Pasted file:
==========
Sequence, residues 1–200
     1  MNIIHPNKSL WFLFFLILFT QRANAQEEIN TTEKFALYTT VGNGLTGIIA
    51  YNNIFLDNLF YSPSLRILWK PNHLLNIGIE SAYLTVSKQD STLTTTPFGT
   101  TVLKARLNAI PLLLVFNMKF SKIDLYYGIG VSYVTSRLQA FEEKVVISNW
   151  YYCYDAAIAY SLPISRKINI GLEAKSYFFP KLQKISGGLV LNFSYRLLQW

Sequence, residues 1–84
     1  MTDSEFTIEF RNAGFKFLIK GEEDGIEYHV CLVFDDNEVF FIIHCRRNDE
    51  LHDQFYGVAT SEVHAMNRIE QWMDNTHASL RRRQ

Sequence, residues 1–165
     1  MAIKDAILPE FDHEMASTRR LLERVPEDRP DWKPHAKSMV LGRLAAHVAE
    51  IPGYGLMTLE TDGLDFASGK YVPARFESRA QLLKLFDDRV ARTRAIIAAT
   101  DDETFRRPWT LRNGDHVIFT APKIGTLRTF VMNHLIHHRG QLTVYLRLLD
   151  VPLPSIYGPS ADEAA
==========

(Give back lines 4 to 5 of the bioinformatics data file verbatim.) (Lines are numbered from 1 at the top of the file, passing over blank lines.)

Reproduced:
   101  TVLKARLNAI PLLLVFNMKF SKIDLYYGIG VSYVTSRLQA FEEKVVISNW
   151  YYCYDAAIAY SLPISRKINI GLEAKSYFFP KLQKISGGLV LNFSYRLLQW